CSU Fresno Paganism Question
I have to write a 5 page observation on what I’ve seen during a pagan ritual. I have the notes and interview script, I just need someone to write it in 5 pages.
1) When do you celebrate each of the 8 solar holidays?
2) What got you into this religion?
3) What are some positives about the religion you’re a part of?
1) The holiday dates of the Solstices & Equinoxes wobble between a range of dates each year, due to calendars not exactly matching the orbit of the Earth around the Sun, and we usually celebrate on the nearest Sunday, because it’s the only day we all have off, usually. Dates: Winter Solstice: Dec 20-23, Mid Winter: Feb 1, Spring Equinox: March 19-22, Mid Spring: May 1, Summer Solstice: June 19-23, Mid Summer: Aug 1, Autumnal Equinox: Sept 21-24, Mid Autumn: Nov 1.
2) Got into it through research into an alternative to the Christianity I was raised with, when I found that Atheism and Buddhism left too many questions for me, “love and light” religions seemed to deny reality, and outright darker religions left me miserable. It was a middle way, that rooted itself in the symbolism and a connection with nature, which felt comforting to me.
For my individual path, different from the rest of my coven, I am a devotee of Dionysus, because he has the most relevance to my life, what I need in my life, and where I desire the most growth within myself.
3) There is no “right way” to practice, technically. The point is self growth, a seeking of harmony with Nature, both the harmful and beneficial, an understanding that “good” and “bad” are not absolutes, but rather perspectives, leading to a search for prioritizing balance between individuals and contrasting concepts/perspectives.
“What is good for the Wolf, is not necessarily good for the Deer.”
Also, ideas/concepts are often personified and interacted with as individuals, often called “Spirits”. I take it literally, though other pagans take it metaphorically, but the result is the same: aiding memorization and the altering of one’s own thoughts/feelings/behaviors by changing your relationship with these internal Spirits. Some call this “High Magick”.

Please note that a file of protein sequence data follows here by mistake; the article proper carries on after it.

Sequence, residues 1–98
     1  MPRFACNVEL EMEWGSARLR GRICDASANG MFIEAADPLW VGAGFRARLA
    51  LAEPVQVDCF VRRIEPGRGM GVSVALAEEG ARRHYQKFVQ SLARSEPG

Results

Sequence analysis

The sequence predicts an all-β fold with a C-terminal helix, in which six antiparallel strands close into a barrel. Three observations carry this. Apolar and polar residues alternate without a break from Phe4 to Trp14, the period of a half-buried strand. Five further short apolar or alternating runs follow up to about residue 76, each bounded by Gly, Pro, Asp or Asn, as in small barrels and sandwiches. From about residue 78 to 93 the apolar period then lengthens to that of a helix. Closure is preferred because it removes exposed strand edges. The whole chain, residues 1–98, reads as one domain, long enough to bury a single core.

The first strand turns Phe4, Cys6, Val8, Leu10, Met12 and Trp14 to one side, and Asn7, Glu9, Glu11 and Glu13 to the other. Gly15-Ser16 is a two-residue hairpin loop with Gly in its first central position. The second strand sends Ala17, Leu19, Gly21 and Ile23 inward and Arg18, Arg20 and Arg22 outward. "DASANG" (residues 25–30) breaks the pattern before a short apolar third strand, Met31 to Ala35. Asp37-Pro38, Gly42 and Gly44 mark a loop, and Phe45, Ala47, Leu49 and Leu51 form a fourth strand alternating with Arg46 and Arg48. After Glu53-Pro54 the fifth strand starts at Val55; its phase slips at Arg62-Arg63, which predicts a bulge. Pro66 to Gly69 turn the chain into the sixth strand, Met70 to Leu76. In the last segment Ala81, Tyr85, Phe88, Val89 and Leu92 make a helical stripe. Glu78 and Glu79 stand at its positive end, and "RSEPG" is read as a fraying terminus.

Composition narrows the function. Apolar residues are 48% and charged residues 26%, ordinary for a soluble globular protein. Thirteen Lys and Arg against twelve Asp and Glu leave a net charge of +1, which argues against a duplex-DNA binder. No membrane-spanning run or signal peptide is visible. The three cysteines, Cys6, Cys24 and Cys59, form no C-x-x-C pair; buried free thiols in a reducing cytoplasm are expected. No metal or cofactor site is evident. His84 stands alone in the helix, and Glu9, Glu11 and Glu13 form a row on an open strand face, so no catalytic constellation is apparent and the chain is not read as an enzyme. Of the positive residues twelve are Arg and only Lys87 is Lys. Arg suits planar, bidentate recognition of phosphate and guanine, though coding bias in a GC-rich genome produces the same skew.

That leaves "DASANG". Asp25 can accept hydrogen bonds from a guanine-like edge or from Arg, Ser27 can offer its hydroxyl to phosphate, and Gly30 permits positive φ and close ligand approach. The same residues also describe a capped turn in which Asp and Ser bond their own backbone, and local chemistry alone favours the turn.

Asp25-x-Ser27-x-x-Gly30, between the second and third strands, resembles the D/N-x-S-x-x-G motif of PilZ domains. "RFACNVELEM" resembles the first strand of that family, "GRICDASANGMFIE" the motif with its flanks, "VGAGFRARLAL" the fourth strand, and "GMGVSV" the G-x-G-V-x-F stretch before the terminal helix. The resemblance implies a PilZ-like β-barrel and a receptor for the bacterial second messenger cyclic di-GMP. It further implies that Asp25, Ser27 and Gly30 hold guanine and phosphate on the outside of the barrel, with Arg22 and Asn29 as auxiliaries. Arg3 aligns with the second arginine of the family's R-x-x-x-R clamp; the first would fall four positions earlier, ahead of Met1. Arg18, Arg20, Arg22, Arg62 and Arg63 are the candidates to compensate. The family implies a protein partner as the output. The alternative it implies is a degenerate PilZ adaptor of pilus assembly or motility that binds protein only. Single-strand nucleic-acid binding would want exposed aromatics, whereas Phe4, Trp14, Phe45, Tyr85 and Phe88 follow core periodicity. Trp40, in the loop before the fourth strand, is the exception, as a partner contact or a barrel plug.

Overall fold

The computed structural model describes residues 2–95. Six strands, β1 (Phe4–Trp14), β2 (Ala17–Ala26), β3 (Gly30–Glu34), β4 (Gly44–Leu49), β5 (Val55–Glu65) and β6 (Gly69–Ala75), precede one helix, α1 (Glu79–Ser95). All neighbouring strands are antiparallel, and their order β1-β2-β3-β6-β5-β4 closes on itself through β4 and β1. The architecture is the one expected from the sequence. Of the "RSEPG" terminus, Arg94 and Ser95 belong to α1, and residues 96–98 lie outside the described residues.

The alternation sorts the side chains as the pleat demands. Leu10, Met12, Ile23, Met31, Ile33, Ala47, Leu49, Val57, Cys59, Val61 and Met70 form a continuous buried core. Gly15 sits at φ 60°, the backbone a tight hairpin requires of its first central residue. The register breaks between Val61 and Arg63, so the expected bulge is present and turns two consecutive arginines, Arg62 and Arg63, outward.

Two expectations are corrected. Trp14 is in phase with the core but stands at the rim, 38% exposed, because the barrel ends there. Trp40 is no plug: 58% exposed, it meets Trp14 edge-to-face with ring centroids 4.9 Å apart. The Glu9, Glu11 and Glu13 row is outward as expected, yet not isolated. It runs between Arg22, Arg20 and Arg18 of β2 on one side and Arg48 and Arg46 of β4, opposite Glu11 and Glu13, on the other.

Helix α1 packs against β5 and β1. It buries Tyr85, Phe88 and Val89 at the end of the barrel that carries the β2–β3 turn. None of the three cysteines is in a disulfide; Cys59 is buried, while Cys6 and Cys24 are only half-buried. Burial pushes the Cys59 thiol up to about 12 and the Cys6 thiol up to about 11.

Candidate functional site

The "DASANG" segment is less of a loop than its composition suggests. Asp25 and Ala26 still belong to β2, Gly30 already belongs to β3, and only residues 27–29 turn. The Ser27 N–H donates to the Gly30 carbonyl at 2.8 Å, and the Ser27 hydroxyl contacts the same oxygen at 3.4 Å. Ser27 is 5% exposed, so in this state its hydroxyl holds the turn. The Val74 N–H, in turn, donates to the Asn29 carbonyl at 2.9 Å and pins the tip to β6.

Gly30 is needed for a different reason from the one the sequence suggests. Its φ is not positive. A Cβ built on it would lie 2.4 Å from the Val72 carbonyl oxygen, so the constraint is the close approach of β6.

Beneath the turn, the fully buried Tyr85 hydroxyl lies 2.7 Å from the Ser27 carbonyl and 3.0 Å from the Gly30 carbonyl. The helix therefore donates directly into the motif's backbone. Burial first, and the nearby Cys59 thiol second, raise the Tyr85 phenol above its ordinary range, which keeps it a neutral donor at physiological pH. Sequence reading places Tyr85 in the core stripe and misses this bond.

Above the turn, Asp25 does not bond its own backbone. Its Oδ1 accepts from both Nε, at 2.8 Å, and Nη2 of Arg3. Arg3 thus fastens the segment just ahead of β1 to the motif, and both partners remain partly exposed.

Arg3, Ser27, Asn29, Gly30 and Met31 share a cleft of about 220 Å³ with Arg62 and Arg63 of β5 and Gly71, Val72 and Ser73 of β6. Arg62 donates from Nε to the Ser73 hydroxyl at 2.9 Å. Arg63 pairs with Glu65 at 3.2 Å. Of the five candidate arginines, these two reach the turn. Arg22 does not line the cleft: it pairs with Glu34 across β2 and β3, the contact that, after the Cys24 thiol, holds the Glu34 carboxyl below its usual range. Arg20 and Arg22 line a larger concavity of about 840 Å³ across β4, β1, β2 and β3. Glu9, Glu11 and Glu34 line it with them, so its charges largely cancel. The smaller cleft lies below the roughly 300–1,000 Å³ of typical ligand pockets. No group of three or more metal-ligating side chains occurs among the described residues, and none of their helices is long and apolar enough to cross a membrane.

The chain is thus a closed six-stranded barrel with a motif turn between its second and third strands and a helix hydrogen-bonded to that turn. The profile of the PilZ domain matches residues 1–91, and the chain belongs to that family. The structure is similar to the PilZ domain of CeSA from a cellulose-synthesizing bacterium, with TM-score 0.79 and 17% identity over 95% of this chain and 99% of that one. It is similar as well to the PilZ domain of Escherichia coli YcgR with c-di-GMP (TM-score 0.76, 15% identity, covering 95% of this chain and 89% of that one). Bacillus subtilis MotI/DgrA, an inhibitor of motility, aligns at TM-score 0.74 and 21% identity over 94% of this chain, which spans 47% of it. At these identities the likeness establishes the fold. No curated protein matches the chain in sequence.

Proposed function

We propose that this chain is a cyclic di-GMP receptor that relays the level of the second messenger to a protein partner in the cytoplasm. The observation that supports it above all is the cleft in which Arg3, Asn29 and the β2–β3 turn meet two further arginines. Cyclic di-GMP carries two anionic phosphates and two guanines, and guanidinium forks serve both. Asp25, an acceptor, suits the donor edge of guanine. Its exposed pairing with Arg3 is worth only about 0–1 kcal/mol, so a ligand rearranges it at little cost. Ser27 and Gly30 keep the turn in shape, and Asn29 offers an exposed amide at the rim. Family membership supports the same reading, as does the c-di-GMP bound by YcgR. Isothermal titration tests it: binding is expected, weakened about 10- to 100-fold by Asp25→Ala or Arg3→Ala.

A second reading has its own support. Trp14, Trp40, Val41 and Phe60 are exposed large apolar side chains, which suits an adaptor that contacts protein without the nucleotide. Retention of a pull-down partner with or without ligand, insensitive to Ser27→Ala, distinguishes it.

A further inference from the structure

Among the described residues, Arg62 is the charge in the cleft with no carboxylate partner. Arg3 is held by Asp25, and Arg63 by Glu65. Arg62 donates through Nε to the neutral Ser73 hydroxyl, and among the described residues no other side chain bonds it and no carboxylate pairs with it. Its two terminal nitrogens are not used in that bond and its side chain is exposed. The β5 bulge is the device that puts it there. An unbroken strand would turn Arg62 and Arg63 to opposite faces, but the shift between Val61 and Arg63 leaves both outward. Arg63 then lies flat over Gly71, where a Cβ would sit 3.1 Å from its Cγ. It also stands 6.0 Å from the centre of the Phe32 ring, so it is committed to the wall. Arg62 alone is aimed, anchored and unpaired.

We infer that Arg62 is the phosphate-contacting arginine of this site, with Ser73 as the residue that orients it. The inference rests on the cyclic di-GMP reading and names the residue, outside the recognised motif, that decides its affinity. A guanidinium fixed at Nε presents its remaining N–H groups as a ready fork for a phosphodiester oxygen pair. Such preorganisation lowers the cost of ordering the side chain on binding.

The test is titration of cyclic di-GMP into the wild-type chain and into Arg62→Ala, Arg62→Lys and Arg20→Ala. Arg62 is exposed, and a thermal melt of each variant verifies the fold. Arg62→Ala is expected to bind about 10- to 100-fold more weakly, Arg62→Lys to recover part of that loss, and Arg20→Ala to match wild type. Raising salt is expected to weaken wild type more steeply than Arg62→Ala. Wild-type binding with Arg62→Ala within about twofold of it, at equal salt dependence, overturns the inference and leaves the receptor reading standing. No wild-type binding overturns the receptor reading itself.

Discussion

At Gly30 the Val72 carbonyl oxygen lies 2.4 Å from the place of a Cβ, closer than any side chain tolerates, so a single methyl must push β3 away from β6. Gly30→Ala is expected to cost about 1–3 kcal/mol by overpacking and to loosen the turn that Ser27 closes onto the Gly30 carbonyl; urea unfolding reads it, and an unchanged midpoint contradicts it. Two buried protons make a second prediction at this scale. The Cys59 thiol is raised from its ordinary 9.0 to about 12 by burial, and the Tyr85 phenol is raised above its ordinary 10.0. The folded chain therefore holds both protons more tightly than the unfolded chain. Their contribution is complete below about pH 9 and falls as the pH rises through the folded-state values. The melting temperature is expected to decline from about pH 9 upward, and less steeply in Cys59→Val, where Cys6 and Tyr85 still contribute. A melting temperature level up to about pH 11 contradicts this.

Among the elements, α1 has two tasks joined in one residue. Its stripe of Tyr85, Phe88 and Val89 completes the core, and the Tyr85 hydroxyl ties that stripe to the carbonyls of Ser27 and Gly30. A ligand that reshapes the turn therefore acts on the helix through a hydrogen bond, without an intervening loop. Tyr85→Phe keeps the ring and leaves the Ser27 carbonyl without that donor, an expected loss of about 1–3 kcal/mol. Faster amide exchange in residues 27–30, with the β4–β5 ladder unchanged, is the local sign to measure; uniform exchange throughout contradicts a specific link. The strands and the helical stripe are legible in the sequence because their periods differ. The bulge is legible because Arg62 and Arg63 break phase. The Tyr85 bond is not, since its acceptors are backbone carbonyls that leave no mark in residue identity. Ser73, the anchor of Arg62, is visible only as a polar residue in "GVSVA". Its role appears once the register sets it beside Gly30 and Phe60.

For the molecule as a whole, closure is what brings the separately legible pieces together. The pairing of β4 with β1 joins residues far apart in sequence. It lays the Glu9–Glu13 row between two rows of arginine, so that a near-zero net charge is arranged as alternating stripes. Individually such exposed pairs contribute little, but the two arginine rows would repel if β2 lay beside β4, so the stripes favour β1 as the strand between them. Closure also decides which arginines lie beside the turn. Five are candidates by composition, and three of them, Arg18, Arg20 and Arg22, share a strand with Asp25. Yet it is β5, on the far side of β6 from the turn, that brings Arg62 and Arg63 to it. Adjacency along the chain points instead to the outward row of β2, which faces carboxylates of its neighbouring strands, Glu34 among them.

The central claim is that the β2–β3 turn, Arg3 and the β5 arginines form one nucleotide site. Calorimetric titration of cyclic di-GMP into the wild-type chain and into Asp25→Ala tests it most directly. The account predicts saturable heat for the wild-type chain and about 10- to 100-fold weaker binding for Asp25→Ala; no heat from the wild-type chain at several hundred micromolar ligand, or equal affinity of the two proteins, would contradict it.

I personally believe that certain external Spirits can also affect probability and “coincidence” (I personally don’t believe in coincidence). Some call this “Low Magick”.
If you’re part of a coven, as I am, there is also the mutual sharing/teaching of ideas, and mutual support.
– Meetups on Sundays for group workings, to celebrate the 8 Solar Holidays, once month go over bylaws and member roles, and once a year, celebrate the group anniversary.
– The 8 Solar Holidays are the Winter Solstice (New Solar Year), Mid Winter (Last Frost), Spring Equinox (Time of Renewal, Thinning of the Veil of the Fae), Mid Spring (Time of Fertility), Summer Solstice (Time of Fire), Mid Summer (First Harvest), Autumnal Equinox (Second Harvest), Mid Autumn (Third Harvest, Thinning of the Veil of the Dead), and back again, the year visualized as turning like a wheel.
– Birthdays are celebrated, as a group, on the closest Solar Holiday to them.
– Make and dissolve provisional group holidays as necessary.
– Meetups are for discussion, sharing, mutual aid with, & teaching of beliefs, knowledge, crafts, and arts relating to psycho-spirituality, since we believe that psychology & spirituality are intermeshed, & different aspects of the same phenomena.
– Communicate over distance, when physical meetups aren’t possible.
– Engage in group rituals for what we intend to achieve as a group, and to help each other with individual goals.
– Trade and share, goods and services with each other, to help each other grow and move forward, because individual growth and achievement is part of group growth and achievement.
– Each of us share general beliefs and practices, but have many differing individual beliefs and approaches outside of that, which is a draw of modern paganism to each of us, we can work together, without all having to be the same.